What does your business card look like?
If you handed it to me, would it tell me something about who you are and what you do? And would it be appealing enough to make me care?
An awful lot of people should be answering “No” to those questions.
I came home from a recent event with 30-some cards—people who are eager to hear from me again. And of course I’m more than happy to stay in touch!
But looking at that many business cards, one right after another, I was struck by what a poor job most of those cards do. I actually wrote to one woman to tell her how much I liked her card…and why.
A picture of her smiling face gets attention.
Now, the first time I put a picture on my business cards I felt weird; it seemed undignified or something. Only aggressively self-promoting real estate agents did that, right? The more I thought about it, the more I decided those real estate agents were onto something.
If you do much networking, you meet a boatload of new people. For many of us, names are hard to remember. But faces? They stay with you.
So having my face on my card makes sense. (I will admit, though, my actual face is now several years older than the one on my card—it’s definitely time for an update.)
Her name is in a nice, big font.
It’s simple, it’s easy to read, it doesn’t have a bunch of loops and curlicues. So her name stands out. This will be useful for anyone who wants to reconnect with “that business strategy expert I met last week.”
There’s plenty of contrast between the background and the print.
So many people have business cards that are hard to read – pale gray type on a cream-colored background. There was one with light aqua letters on a bluish-gray. Or (my least favorite) a light gray card with the words printed in a slightly darker gray.
Yes, it’s true, many graphic designers seem to like that subtle, understated look. I imagine it’s supposed to be classy or elegant or sophisticated.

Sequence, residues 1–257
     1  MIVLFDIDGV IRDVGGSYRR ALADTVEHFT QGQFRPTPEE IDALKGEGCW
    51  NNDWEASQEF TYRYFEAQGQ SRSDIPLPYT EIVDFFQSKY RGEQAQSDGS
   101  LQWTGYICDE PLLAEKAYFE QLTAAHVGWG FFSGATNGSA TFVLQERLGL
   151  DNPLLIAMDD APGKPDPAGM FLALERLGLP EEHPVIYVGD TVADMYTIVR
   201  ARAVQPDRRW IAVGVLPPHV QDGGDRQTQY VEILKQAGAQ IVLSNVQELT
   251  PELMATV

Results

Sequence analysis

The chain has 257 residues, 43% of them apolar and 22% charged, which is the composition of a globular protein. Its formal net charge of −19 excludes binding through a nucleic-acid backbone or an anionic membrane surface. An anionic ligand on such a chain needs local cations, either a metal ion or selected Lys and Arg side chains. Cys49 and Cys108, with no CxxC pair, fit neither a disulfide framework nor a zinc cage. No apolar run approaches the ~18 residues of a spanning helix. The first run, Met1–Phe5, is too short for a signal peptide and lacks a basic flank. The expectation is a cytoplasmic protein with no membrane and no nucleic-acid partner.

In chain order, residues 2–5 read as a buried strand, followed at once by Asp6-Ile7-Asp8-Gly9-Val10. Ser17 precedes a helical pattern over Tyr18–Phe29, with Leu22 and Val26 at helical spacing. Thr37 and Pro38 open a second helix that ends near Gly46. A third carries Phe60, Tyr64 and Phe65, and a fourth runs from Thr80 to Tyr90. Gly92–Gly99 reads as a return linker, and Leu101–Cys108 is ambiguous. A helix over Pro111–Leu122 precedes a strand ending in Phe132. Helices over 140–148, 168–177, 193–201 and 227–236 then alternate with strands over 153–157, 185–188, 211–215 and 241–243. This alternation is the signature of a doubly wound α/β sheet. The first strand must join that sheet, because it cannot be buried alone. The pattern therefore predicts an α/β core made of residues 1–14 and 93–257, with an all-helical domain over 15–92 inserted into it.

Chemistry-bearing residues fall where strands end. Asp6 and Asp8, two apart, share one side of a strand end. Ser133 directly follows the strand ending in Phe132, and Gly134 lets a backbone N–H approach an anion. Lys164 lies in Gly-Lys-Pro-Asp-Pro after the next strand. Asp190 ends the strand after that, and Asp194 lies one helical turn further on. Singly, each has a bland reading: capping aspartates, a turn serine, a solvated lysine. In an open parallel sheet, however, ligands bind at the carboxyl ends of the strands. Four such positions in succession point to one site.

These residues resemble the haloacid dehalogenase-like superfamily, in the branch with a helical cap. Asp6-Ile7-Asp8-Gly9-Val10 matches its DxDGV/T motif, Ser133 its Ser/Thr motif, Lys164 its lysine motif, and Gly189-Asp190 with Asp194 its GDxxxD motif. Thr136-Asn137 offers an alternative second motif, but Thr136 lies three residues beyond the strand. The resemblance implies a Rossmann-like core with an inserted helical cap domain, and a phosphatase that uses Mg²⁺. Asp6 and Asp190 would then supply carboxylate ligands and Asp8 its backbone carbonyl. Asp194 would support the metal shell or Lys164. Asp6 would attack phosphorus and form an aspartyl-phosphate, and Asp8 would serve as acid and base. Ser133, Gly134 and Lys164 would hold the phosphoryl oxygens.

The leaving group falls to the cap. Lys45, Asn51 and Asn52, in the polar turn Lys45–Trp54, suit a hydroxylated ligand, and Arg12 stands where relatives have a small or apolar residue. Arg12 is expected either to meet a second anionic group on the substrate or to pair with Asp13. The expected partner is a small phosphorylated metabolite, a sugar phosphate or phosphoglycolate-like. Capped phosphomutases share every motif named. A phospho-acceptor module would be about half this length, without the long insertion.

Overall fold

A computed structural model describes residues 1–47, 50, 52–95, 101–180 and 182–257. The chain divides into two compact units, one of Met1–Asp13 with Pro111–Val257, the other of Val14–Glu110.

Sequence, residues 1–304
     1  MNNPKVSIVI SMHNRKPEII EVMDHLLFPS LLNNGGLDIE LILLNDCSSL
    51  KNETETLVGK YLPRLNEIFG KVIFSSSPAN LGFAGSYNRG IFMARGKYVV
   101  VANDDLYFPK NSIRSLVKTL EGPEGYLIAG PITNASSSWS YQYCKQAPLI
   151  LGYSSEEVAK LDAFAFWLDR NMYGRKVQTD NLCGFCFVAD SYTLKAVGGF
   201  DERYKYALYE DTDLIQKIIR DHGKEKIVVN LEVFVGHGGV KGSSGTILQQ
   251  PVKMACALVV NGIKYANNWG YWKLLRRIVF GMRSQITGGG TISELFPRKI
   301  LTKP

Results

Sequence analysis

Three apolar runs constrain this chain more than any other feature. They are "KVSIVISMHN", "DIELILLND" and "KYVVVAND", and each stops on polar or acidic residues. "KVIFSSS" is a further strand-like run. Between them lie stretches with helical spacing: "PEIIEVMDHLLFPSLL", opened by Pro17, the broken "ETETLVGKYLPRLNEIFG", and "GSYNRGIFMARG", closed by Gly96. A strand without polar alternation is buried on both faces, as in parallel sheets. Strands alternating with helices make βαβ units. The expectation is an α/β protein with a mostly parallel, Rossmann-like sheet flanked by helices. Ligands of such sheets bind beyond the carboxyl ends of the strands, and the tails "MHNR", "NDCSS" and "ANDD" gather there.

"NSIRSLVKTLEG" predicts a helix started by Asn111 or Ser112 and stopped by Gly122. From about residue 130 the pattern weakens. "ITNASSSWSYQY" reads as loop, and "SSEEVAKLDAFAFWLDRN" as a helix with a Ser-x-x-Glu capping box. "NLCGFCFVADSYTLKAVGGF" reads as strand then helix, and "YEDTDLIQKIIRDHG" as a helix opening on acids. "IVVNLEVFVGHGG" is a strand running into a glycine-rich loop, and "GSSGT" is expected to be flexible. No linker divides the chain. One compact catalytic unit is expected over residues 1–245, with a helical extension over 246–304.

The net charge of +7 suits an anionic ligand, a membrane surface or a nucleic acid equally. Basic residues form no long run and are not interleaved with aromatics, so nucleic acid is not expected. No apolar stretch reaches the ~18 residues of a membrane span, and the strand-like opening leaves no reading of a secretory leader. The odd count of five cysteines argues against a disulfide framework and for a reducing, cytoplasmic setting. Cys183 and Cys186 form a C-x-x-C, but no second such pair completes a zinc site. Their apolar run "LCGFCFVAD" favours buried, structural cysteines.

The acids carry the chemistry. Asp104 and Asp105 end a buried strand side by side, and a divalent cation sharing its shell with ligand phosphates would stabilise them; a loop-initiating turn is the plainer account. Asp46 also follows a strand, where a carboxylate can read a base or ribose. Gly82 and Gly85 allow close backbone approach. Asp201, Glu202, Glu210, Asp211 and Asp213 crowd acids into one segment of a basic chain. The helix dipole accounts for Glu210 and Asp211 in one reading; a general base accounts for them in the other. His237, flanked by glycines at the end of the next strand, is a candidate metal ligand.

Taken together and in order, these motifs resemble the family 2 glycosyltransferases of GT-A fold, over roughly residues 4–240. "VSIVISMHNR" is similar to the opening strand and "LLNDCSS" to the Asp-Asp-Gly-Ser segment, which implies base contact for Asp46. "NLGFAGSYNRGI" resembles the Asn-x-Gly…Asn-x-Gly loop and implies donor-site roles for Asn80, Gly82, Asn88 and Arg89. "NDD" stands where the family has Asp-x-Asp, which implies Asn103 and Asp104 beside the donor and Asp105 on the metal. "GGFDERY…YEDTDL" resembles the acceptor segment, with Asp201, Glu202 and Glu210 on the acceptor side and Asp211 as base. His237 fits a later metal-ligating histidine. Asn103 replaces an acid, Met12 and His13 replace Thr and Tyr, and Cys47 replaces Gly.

I’d never claim to be a design expert. What I am is a busy, sociable woman who meets a lot of people. And I know that cards without contrast take extra effort to read. The truth is, many people won’t make that effort.
If it’s worth giving someone your card, hand them something that makes it easy on them. And on that subject …
Tiny type is right up there with gray-on-gray when it comes to Biz Card Don’ts
Maybe people who put those little bitty letters on their business card think they’re only going to be handing cards to 26-year-olds.
Assuming that we meet, sell to, or get hired by senior executives, it’s smart to give them a card they can read without straining or reaching for their glasses. And without reminding them their eyesight isn’t what it used to be.
More seriously, it occurred to me as I looked at this recent batch of cards that some of the people who gave them to me are seriously committed to hiding. Their please-don’t-notice-me cards are just one of the ways they’re flying under the radar.
Think of your card as a marketing piece.
Whether you’re out to meet customers or referral partners or your next boss, you actually do need to be noticed. Keeping a low profile won’t serve you well.
Your card should stand out so you can stand out. And there are a lot of ways to make that happen.
I walk my business card talk.
My card is two-sided. Deep purple on one side, with pale, creamy-yellow letters…the colors are reversed on the opposite side. The font is crisp and clear—and plenty big.
I chose fairly heavy card stock, so it feels different from others’ cards. And the corners are rounded; that’s another way it might stand out if you had a stack of business cards in your hand.
You might prefer a subtler look. I notice a lot of corporate cards are much more understated; depending on your business, emulating that look might make the most sense for you.
Or maybe you’ve gone all out to have your business card make a splash. Post a comment below about how your card stands out.